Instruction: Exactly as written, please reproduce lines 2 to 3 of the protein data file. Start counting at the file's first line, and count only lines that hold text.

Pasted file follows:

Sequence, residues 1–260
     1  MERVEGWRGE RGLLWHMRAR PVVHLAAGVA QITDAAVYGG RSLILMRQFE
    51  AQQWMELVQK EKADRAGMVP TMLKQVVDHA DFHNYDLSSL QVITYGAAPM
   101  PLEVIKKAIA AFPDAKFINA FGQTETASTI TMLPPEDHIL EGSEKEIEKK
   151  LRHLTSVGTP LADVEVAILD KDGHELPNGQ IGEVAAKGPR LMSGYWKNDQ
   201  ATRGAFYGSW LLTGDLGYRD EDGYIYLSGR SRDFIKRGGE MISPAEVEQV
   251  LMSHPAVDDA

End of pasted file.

     1  MERVEGWRGE RGLLWHMRAR PVVHLAAGVA QITDAAVYGG RSLILMRQFE
    51  AQQWMELVQK EKADRAGMVP TMLKQVVDHA DFHNYDLSSL QVITYGAAPM